On a hot summer afternoon at the George Washington University (GW) Virginia Science and Technology Campus (VSTC) in Ashburn, a group of high school students sat in a classroom, learning how to use blood samples and DNA to positively identify a suspect in a crime case. What did you do this summer?
This year, the medical laboratory sciences (MLS) program at the GW School of Medicine and Health Sciences (SMHS) is hosting its first formal summer immersion program to Loudoun County high school students, those who have graduated and are entering college, and some students attending Northern Virginia Community College.
“Many of the students that we accept into the program have expressed interest in health and medicine related fields,” said Carmen Session, assistant director for admissions and enrollment services at SMHS. “This is an opportunity for them to get some great laboratory skills and learn about the different areas they can apply them in.”
The origin of the program actually came from the parents, explained Marcia Firmani, PhD, MSPH, program director for MLS and interim chair of the Department of Integrated Health Sciences at SMHS. “We received a lot of requests from parents and students for laboratory focused opportunities during the summer. We thought it would be a great opportunity to create a formalized program, and [it] also gave us an opportunity for outreach in our community in the Ashburn area.”
Prior to the formalized session, there had been some opportunity for students to observe lab techniques, but none as formalized and intensive as the summer immersion program has turned out to be.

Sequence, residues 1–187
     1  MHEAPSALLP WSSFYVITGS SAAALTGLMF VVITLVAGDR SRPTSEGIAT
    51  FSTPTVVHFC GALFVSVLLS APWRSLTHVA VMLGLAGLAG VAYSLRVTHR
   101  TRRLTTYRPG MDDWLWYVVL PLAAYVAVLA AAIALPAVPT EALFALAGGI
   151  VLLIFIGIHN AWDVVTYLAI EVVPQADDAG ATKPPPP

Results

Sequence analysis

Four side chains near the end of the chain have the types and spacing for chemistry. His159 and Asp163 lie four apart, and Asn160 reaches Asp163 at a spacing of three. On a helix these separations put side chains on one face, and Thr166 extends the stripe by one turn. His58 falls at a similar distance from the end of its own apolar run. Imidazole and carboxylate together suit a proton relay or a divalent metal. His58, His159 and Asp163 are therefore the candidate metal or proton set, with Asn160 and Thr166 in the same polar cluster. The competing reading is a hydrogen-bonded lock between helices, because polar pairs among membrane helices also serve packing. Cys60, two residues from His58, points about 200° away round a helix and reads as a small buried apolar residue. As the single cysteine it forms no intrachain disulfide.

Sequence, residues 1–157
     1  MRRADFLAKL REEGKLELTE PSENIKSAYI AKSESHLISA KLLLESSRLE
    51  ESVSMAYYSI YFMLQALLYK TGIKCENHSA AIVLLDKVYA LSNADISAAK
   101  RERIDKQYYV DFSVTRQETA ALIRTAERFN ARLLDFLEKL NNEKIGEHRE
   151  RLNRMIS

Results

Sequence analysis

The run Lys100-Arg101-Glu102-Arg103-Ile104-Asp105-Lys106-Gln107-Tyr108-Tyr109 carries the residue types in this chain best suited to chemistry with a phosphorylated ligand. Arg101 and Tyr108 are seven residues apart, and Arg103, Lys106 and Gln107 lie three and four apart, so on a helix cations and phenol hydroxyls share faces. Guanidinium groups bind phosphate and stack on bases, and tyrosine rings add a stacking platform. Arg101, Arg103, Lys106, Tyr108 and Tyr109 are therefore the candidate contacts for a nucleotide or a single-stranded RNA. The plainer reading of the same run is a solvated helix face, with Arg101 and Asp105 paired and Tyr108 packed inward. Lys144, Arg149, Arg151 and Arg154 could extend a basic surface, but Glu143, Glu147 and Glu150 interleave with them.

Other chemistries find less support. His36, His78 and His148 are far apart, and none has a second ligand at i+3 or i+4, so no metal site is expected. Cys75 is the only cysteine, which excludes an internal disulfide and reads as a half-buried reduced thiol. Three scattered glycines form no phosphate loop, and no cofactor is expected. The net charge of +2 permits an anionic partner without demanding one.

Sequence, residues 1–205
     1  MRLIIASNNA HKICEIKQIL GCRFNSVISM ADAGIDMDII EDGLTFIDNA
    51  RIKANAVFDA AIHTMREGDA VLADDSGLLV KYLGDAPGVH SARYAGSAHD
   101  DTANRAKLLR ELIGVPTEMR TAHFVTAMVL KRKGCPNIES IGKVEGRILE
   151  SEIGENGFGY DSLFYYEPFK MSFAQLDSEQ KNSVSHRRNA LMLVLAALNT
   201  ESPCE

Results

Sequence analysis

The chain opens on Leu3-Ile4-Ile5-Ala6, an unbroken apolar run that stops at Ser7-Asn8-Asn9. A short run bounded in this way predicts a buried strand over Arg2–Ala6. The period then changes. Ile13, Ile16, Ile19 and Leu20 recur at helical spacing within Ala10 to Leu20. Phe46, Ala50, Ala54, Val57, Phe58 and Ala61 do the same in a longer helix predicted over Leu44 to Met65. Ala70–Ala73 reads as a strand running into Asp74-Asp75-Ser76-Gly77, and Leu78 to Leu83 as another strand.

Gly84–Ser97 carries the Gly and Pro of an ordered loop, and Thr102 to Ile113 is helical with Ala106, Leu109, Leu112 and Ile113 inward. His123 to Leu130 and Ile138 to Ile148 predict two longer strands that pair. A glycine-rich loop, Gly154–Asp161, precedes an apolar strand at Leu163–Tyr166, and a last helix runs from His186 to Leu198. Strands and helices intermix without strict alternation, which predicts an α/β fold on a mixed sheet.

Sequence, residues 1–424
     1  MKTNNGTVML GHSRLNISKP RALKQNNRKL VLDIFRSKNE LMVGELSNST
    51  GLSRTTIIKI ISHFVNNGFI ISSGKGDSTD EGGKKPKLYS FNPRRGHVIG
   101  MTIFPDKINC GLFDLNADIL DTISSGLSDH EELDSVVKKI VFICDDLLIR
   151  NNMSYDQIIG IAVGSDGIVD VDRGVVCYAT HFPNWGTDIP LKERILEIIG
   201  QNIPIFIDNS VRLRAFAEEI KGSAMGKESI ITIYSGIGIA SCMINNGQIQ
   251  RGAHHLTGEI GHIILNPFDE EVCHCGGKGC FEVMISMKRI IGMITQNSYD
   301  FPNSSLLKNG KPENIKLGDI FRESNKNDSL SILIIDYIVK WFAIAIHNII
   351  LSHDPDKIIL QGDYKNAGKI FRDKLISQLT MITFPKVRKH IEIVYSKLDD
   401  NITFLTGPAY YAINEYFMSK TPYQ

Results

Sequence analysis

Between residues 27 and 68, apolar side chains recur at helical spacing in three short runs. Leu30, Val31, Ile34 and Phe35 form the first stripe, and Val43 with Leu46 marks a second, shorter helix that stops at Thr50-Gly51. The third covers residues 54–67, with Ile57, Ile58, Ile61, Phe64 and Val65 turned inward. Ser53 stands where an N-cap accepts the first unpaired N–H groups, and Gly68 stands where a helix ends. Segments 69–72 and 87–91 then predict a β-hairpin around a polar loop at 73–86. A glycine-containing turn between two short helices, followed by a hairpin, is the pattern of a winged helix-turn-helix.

“They aren’t walking away from the program as lab scientists, but they do get exposure to lab techniques and applied theory that they wouldn’t get in the standard high school biology laboratory courses,” Firmani said.
During the two-week sessions, students spend their days in the lab covering topics such as molecular techniques, developing clinical laboratory skills, and learning how to work with DNA and other types of biomedical samples.
The typical day begins at 9:30 a.m., with the program’s 48 students divided into two groups of 24. Each session starts with a short lecture on the theory behind the chosen topic, and the rest is spent performing different techniques. In a given session, one group could start work on microbiology techniques and testing, while the other is doing hematology work; the groups then switch in the afternoon.
“It’s very lab intensive,” explained Firmani, “but, the faculty have loved engaging with the students, who have been very inquisitive. It’s been rewarding for the students and for the MLS faculty and staff working in the program.”
Near the end of the session, students worked on group projects that they presented to their classmates as well as their parents.
Reactions from students and parents has been overwhelmingly positive, Firmani said. “We modified our sessions based on the feedback that we got from the students, which has been incredibly helpful.” Based on early reviews, she added, MLS faculty hope to make this program an annual opportunity at VSTC.